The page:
In a recent post, the Language Log was discussing localization of software in under-resourced languages like Yoruba. Mark Liberman noted that, via its « Unlimited Potential Program », Microsoft had probably done more for linguistic diversity than any other software publisher (and perhaps more than the free software community) by providing localized versions of its software in dozens of languages. Meanwhile, the Microsoft Local Language Program has now made available a whole series of new Language Interface Packs for Office 2007. These LIPs enable users to work with user interfaces in their own languages while benefiting from spell-checkers (some of these languages had no speller in earlier versions of Office). They can be downloaded freely from the links you will access if you click on the names of the languages below (five of these languages are spoken in India):
· Armenian (or հայերեն լեզու, if you want to write it in Armenian ; 7 million speakers, including 3 million in Armenia)
· Georgian (4.1 million native speakers; the official language of the Republic of Georgia; anecdotally, consonant clusters are common in Georgian: some words contain up to 8 consecutive consonants, like გვბრდღვნი (gvbrdgvni), you tear us; nouns have 8 cases and verbal morphology is very complex)
· Telugu (or తెలుగు ; one of the four classical languages in India and one of the 22 official languages in this country ; it is the official language of the state of Andhra Pradesh and is also spoken in Tamil Nadu, Karnataka, Orissa, and Pondicherry)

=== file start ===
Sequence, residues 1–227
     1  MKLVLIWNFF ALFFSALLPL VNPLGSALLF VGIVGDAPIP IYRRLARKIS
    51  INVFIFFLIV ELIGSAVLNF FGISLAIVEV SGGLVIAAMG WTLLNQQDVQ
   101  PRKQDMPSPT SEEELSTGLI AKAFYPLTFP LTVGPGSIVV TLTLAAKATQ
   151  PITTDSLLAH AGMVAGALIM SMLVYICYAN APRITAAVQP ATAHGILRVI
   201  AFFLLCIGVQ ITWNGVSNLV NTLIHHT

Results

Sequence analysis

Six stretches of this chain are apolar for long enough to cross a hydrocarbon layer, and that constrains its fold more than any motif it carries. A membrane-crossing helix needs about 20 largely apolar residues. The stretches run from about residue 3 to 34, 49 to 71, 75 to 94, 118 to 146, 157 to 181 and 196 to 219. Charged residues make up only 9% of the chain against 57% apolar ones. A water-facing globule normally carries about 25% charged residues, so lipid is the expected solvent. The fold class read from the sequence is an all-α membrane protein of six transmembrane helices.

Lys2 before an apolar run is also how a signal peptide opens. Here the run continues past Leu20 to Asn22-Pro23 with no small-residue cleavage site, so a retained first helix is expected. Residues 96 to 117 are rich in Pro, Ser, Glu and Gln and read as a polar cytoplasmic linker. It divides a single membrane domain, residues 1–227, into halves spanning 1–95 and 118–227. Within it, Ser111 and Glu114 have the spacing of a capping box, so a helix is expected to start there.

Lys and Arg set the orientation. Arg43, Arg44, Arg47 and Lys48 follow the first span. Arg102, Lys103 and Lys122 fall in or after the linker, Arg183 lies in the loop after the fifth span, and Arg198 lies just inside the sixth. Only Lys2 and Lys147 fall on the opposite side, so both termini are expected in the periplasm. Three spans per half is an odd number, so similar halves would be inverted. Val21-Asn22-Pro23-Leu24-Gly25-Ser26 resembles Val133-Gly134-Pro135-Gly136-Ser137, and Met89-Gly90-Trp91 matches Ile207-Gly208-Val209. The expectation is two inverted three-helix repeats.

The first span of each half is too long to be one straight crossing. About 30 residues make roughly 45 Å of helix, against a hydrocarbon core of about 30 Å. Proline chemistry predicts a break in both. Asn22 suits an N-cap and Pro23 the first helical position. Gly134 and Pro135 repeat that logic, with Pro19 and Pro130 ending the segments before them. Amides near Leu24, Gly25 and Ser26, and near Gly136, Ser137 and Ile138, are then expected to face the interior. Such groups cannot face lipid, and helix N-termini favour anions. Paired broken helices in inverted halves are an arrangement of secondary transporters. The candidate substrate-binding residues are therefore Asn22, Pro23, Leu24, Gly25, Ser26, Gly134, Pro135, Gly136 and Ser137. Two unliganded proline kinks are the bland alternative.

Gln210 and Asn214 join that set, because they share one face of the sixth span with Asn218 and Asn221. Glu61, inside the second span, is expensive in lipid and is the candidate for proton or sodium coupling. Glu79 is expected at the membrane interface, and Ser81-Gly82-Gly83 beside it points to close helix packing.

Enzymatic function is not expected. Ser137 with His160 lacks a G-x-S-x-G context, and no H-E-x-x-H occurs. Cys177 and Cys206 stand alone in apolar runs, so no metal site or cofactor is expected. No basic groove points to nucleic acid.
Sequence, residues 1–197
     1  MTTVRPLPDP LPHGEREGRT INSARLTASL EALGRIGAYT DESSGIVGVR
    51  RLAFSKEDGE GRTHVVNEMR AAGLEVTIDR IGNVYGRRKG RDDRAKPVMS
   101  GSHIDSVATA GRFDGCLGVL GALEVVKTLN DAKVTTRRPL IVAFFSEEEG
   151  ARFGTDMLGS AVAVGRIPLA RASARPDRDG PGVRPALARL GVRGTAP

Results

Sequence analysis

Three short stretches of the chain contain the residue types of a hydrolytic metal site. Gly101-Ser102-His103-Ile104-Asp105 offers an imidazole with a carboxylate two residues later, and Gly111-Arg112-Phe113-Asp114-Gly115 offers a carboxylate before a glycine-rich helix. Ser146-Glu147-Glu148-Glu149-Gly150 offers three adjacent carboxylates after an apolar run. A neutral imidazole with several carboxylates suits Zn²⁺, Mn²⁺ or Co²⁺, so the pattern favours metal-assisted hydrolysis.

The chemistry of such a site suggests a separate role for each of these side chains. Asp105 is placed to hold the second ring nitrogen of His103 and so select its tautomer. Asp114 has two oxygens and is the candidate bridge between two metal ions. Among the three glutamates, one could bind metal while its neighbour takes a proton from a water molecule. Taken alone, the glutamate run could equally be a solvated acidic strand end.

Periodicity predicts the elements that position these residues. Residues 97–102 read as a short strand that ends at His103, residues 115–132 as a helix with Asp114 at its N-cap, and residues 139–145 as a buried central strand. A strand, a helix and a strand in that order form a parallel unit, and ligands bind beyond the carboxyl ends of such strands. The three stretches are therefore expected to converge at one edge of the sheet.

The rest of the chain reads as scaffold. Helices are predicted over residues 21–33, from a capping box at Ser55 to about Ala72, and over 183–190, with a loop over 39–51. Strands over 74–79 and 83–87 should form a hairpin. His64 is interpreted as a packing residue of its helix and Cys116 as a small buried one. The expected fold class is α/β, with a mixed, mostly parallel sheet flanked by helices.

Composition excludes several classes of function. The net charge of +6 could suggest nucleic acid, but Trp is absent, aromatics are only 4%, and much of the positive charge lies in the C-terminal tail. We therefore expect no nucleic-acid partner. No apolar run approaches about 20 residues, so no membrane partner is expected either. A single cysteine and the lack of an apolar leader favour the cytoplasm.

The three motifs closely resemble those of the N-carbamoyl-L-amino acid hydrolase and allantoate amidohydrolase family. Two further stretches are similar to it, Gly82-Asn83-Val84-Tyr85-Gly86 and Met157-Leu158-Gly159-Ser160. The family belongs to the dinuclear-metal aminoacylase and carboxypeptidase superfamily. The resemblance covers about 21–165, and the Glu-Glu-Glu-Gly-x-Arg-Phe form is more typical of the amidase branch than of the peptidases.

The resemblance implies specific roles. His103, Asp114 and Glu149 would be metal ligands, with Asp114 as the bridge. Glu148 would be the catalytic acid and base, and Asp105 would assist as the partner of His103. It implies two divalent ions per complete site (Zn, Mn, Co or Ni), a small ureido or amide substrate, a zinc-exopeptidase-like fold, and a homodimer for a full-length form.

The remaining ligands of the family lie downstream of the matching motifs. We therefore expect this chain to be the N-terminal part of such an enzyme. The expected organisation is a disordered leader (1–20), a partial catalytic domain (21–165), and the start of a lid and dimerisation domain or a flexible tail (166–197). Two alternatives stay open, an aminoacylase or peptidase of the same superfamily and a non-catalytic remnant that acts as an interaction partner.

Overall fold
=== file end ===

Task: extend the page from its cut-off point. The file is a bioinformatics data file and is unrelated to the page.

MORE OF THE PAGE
· Konkani (or कोंकणी; 7,6 million speakers ; one of the official languages of the Republic of India, mainly spoken in the Indian state of Goa; the LIP includes a brand-new speller)
· Kannada (or ಕನ್ನಡ; it is one of the major Dravidian languages of India and the official and administrative language in the Indian state of Karnataka, in the South of India; about 35 million speakers)
· Punjabi (or ਪੰਜਾਬੀ ; Indo-Aryan language spoken in the Punjab region, which is now split between India and Pakistan ; it has 90 million native speakers, which makes it the 11th most widely spoken language in the world).
· Oriya (or ଓଡ଼ିଆ; one of the official languages of India, mainly spoken in the Indian state of Orissa; about 30 million native speakers; the LIP includes a brand-new spell-checker for that language)